What gives, clock kid?

Remember that 14 year old kid, Ahmed Mohamed, who tinkered around with a clock to try to show off his engineering skills in his Texas school, and wound up almost being arrested because he’s a Sudanese Muslim and therefore is presumed terrorist (at least when carrying around unfamiliar-looking electronics) here in US America until proven otherwise? Well, I felt real bad for that kid, because no 14 year old should be subjected to that kind of treatment just for trying to build something he thought was cool. And I still feel bad for him, and anger toward the school and police force who saw his name, looked at his face, and immediately assumed he’d built a bomb.

But since that whole thing happened, Ahmed’s been living kind of a whirlwind life. He went to the Google Science Fair, had a whole day proclaimed in his honor in New York, went on Hajj, and has been on TV over and over again. He’s also met a lot of world leaders, from Turkish Prime Minister Ahmet Davutoğlu, to Jordan’s Queen Rania, to Barack Obama. Oh, and also, he and his family (who are Sudanese) got to go to Sudan and meet with that country’s President, Omar al-Bashir. The thing about that last one is, Omar al-Bashir is (allegedly, I guess) a genocidaire and a war criminal, wanted by the International Criminal Court for his efforts to exterminate and/or displace the population of Darfur. He is, in fact, the only sitting world leader currently wanted by the ICC, though admittedly there’s a case to be made that the ICC is unfairly biased toward a focus on African war crimes. Still, ICC bias or not, Omar al-Bashir is, by all available evidence, a really bad guy. Uh, allegedly.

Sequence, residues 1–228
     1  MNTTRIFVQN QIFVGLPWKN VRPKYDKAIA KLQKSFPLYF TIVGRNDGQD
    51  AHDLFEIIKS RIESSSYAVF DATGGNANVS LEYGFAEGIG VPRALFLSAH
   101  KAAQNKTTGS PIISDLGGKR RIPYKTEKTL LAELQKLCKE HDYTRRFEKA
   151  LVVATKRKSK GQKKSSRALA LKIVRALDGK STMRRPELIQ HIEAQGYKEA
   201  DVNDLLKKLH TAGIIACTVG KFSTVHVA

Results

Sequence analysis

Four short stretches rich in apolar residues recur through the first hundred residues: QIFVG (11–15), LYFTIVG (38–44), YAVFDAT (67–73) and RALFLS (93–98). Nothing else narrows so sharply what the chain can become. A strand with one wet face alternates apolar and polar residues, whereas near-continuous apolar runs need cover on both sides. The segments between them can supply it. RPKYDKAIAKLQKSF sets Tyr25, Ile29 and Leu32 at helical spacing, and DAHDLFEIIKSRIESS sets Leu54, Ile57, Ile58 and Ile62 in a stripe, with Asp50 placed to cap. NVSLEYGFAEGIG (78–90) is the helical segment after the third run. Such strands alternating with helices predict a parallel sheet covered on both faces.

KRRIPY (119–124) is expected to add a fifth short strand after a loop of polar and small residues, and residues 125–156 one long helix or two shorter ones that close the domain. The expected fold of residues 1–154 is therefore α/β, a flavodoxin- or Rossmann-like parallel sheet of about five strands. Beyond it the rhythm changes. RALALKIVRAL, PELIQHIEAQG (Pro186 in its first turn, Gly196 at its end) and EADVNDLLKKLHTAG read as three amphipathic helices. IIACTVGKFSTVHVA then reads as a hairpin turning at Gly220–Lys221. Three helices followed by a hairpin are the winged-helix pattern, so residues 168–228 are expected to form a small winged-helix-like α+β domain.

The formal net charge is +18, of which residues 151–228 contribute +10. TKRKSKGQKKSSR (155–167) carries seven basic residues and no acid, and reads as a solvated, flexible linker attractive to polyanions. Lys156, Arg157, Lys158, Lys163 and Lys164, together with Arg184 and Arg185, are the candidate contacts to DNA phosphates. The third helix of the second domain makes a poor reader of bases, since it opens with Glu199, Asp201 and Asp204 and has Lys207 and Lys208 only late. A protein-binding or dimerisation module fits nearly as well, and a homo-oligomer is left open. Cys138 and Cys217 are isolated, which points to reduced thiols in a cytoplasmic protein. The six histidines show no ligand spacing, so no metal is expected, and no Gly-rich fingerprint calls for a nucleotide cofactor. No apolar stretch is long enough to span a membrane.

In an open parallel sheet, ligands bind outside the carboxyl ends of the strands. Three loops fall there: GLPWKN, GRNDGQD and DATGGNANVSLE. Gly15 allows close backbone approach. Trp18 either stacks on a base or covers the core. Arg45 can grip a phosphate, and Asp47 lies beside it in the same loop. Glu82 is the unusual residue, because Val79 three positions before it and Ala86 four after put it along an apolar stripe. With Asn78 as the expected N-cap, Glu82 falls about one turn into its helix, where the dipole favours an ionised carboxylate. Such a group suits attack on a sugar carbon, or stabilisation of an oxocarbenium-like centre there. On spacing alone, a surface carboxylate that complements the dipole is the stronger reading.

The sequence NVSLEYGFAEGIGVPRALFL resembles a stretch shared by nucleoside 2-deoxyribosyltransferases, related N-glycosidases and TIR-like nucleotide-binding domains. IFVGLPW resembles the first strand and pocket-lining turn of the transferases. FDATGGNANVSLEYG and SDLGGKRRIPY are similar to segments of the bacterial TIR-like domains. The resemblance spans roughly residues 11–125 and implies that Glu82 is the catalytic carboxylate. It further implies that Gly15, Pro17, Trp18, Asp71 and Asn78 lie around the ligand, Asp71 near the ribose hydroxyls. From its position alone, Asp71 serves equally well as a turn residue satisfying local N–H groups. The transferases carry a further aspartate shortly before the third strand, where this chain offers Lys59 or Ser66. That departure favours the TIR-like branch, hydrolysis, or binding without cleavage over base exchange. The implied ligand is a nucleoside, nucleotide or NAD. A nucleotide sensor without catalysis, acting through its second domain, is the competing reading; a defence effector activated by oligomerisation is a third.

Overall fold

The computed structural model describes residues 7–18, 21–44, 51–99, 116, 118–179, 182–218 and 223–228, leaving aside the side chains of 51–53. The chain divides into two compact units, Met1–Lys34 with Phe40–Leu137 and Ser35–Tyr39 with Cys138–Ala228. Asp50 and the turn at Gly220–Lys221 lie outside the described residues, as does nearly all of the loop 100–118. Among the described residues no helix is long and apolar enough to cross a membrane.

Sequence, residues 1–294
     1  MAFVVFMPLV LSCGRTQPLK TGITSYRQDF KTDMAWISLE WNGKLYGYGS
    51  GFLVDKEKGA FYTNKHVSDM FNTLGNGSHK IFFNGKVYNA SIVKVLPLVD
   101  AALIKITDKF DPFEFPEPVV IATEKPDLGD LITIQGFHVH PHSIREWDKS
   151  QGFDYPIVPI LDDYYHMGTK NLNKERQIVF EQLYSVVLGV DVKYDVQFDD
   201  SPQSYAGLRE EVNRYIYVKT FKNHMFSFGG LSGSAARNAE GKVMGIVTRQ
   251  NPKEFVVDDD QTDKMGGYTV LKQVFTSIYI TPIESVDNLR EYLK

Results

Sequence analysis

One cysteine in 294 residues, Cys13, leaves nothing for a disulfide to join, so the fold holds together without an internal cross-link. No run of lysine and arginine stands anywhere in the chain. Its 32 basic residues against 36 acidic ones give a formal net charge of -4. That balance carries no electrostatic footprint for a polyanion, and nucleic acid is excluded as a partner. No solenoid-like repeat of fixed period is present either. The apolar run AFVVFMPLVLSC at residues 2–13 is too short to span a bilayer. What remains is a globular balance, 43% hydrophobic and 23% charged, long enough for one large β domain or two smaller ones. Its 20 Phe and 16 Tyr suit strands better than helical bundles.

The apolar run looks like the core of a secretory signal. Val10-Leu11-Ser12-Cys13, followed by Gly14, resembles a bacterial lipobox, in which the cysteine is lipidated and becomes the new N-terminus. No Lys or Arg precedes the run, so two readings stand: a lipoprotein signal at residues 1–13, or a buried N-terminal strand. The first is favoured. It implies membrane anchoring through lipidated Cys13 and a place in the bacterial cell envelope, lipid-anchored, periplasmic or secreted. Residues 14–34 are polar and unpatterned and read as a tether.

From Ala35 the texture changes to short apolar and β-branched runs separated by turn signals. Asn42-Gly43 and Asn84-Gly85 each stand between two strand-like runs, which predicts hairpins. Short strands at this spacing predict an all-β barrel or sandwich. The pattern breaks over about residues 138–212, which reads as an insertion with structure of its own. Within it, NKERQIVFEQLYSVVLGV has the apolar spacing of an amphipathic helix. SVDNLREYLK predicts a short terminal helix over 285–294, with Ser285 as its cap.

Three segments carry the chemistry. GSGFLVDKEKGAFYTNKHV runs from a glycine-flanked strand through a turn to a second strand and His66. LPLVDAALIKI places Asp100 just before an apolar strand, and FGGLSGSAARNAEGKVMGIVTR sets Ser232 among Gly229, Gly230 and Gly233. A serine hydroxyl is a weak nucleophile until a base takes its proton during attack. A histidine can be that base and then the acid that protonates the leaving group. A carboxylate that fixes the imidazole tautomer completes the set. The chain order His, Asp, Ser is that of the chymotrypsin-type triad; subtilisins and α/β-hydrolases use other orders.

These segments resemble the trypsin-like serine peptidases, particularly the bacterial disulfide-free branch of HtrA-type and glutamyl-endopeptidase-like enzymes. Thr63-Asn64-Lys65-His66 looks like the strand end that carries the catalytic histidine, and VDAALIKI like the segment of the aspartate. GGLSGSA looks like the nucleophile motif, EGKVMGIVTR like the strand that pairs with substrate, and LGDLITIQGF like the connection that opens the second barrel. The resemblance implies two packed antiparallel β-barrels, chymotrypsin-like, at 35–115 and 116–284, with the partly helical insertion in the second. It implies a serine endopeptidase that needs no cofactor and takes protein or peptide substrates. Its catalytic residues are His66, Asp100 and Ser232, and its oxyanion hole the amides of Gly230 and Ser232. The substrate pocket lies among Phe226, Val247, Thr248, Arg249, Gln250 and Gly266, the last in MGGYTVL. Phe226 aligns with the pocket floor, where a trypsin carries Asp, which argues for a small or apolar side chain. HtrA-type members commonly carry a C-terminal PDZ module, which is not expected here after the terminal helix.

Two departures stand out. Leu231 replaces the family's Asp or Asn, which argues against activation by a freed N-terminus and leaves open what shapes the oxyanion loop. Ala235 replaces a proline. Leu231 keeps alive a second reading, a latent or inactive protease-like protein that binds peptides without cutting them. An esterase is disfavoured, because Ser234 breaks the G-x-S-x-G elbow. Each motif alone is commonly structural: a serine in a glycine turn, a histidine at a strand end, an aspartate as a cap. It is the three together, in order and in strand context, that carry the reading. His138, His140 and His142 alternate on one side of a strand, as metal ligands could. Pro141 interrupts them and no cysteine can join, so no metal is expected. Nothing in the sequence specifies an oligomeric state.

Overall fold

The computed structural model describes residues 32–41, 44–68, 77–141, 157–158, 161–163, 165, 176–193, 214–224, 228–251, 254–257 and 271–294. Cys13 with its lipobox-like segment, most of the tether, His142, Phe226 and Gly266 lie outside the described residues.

Hmmmm (The Guardian)

What’s a little odd about this meeting is that Ahmed’s father, Mohamed al-Hassan, has actually tried to run for president against Bashir a couple of times (needless to say he hasn’t been successful). Omar al-Bashir doesn’t really countenance political opposition in general, but everybody looks chummy here. I guess international fame buys you a little leeway in Khartoum.

Then yesterday Ahmed’s life took another big turn. Ahmed needs a new school, since he (understandably) withdrew from the one where the teachers called the police on him. Well, yesterday his family announced that he wasn’t just changing schools, he’s changing countries: Continue reading

Burning a little political capital